For example, the lights can be turned off overnight, or the average beverage temperature is allowed to rise above 4.4°C for an extended period, or both.
However, machines containing sandwiches obviously do not need the capability of adjusting temperature, as the food must stay constantly cold. With regard to this issue, Parent says “The regulations only require that a unit have energy-saving features that can be enabled independently during periods of inactivity, if appropriate. One feature permits lights to automatically turn off while a separate one allows the average temperature of the refrigerated beverages to rise to 4.4 C.”
She adds, “As any refrigerated vending machine can dispense perishable, as well as non perishable drinks or food, the regulations do not require the use of these power states. However, by requiring all new units to have these features, dealers and owners can now reduce their operating costs by enabling these energy-saving features as appropriate.”
The other main issue raised by the regulations is how they will impact overall profits. In early 2005, Canadian Vending Magazine reported “True enough that vending operators will fear the consequences of mandatory consumption levels for cold beverage venders. It will mean equipment conversions and replacement; it will mean conversations regarding access to power at a location … and it may bring up the ugly debate over who ultimately pays for the energy use of the equipment.”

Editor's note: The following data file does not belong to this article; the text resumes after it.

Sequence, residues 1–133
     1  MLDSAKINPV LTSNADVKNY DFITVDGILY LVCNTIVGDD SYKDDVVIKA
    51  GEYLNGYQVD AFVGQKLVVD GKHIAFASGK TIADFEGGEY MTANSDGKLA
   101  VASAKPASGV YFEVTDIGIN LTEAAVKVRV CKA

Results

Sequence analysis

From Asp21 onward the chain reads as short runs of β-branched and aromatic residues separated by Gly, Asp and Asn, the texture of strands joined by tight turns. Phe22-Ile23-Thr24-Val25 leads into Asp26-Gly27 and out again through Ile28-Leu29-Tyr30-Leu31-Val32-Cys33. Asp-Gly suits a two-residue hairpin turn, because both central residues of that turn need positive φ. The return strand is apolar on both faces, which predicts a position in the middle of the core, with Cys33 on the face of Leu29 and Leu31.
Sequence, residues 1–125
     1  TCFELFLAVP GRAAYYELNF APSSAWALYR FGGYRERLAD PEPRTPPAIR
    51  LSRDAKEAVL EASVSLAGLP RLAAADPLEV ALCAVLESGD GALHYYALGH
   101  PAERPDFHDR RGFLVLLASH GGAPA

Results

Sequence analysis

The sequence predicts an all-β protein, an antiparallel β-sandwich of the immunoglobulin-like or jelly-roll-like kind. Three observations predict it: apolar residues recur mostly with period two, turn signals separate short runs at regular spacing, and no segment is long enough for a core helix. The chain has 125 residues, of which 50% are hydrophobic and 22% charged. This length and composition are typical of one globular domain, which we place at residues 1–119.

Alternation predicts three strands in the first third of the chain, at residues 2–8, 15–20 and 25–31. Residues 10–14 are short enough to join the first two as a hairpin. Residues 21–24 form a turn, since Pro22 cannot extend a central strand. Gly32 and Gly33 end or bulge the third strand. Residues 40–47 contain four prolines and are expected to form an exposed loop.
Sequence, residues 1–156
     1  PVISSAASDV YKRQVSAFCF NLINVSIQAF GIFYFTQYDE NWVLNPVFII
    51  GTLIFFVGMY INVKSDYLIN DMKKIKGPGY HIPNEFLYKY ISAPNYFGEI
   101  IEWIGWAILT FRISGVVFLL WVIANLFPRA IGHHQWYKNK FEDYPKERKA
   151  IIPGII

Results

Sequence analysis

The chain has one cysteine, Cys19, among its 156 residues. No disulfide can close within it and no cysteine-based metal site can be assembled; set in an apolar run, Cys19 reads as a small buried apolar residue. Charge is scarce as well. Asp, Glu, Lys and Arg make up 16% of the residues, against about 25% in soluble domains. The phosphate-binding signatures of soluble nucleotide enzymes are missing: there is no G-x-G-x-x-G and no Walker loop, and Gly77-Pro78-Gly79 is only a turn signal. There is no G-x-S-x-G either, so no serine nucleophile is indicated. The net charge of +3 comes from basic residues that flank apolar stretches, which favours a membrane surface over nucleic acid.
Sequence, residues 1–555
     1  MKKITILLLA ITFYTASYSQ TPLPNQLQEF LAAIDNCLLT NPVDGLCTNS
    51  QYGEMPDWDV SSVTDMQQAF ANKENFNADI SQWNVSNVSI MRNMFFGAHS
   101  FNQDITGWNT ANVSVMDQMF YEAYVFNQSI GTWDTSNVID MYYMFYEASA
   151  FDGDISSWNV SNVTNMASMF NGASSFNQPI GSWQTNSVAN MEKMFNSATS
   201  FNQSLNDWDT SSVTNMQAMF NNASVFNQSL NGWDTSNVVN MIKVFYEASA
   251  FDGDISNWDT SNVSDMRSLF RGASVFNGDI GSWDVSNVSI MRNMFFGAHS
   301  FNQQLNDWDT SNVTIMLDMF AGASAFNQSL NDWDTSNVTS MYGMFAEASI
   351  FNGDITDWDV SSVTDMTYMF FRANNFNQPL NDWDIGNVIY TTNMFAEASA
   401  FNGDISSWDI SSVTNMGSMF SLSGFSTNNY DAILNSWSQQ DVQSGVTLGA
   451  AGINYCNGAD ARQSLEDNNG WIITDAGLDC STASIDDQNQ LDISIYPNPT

Said another way, because the cost of electricity in buildings continues to rise, there is concern amongst members of the vending community that new contracts are going to stipulate that all machines must be the new energy-saving type, leaving some machines idle and requiring a sudden significant investment in new machines.
Suitor observes “In California and now here, energy savings is becoming a standard part of Request for Proposals. In the proposals that are being put out there, governments are demanding energy efficiency.”
Lockie agrees that the types of machines could matter a great deal in negotiating contracts.
“If I’m using all new compliant machines,” he says, “it would be one of the deciding factors (in getting a contract). It’s going to help a lot.”
Suitor advises “to be ready when the contract comes up. You may be able to negotiate a lower commission based on the fact that the new efficient machines provided in the proposal are going to save venues money in the long-term.”
Suitor sees these regulations as another trend that must be accepted and dealt with properly, making the best of it.
“The bigger picture is that the world is requiring better efficiency of energy,” he says. “It’s similar to the trend of providing nutritional products, a trend that we have to address. We’re well on our way, and I predict that within five years we will all have only energy efficient machines out there. We’re in the transitional period and this is a natural evolution of our industry.”
He concludes, “I think that you can sit there and do nothing and represent the industry as it has been perceived – as making people fat and sucking a lot of power to do it – or you can spin it into a good news attractive story. You can say ‘These vending machines provide nutritious products and significant energy savings to boot and your meet people’s need for food and beverages.’”